The UA hadn’t previously launched an investigation into the church’s campus ministries because they had never received a formal complaint related to a current UA student, officials said.
But ex-members say complaints from alumni or their parents should have prompted an investigation long ago, since the most egregious problems with the church often emerge after students graduate, when the church tightens its grip.
More than 14 former members or their parents told the Star that the church advocates corporal punishment of infants. Former members also say the church estranges members from their families, prohibits dating and exerts control over members’ personal lives and finances, such as what they should major in, how they should dress and whom they should marry. Many said they suffered from panic attacks or symptoms of post-traumatic stress disorder for years after leaving the church.
Last week the Dean of Students’ Office issued a call for feedback on the church’s on-campus ministries, and the responses have been overwhelmingly critical. So far, the university has received at least 25 formal complaints, and one complimentary email, about the church and its ministries, according to records provided to the Star in response to a public records request. The names of those who submitted the complaints were redacted.
Last week, an assistant dean of students met with the Wildcats for Christ president and its faculty adviser, Dr. Merlin Lowe, an associate professor of pediatrics at the UA College of Medicine. Lowe did not respond to the Star’s requests for comment last week about whether he was aware of allegations that the church is abusive.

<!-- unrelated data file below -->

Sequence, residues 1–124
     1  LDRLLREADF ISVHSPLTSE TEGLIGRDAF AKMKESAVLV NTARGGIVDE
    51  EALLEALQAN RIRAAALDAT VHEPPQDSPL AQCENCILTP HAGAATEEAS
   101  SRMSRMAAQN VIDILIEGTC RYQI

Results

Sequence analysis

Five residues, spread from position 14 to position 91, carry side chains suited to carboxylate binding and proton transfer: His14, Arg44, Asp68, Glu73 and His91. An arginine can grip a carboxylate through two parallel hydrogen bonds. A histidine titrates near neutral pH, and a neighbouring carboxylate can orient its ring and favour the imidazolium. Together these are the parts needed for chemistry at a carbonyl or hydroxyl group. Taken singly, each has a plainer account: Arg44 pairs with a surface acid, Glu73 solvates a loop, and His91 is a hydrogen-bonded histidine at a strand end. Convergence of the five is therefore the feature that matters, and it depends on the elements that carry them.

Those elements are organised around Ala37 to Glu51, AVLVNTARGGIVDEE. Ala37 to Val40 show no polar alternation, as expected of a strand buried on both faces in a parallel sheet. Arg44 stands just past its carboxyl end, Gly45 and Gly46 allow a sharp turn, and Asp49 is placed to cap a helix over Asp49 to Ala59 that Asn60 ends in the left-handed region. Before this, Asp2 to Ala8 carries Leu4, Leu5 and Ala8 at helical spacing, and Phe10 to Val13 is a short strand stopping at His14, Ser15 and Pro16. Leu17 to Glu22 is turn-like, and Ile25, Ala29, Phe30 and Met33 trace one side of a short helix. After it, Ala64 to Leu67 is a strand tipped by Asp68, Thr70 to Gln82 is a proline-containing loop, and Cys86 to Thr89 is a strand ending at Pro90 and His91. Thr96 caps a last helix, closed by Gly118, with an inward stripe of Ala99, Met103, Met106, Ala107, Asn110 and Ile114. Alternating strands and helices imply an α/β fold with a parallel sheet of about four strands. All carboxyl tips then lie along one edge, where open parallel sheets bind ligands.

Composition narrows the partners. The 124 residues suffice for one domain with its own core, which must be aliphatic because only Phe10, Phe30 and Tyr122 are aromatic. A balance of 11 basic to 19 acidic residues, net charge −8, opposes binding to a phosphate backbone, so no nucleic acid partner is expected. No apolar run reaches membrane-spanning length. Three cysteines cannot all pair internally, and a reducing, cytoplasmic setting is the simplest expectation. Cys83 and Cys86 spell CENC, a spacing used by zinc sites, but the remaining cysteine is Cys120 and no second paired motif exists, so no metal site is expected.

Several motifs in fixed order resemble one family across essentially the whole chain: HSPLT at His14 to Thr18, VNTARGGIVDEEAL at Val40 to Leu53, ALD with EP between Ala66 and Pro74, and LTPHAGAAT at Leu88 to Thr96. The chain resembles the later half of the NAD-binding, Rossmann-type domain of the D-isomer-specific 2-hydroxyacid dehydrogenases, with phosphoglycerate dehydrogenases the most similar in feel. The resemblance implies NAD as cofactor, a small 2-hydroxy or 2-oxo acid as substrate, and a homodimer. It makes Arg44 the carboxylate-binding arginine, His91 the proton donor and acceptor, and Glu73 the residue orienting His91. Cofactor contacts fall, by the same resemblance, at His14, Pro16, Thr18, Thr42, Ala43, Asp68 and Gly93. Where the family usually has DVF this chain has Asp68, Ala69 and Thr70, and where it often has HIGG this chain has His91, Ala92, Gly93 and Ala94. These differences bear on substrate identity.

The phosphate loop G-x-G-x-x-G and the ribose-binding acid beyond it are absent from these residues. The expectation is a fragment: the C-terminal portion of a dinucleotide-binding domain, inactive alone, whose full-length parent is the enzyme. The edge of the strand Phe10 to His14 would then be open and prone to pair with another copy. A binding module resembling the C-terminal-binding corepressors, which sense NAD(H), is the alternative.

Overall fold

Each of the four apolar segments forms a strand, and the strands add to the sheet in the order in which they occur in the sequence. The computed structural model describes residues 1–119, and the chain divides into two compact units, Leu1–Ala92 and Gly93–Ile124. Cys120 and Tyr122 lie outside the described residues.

UA officials won’t comment on what happened at the meeting with Wildcats for Christ leaders, or provide details of the investigation unless it results in university action, such as revoking the campus ministries’ club status, said Chris Sigurdson, UA spokesman. He emphasized that the dean of students’ investigation will focus solely on the church’s on-campus clubs, not the church itself, which is outside the university’s jurisdiction. The investigation will focus on practices that affect current UA students, he said.
Ex-members say the UA lends legitimacy to the group by allowing its ministries to recruit on campus.
One complaint sent to the UA last week said, “I believe alumni testimony is just as valid (as current students’) since our experiences with the church did not begin within church walls, or at a community event, but began right outside our dorm rooms, on our dorm floors and at school-sponsored student orientations and welcome functions. ... My hope is that the University of Arizona recognizes that welcoming this group to their campus by giving them access to campus rooms, campus events and access to dorms is not in the best interest and health of students, and also tarnishes the reputation of the university.”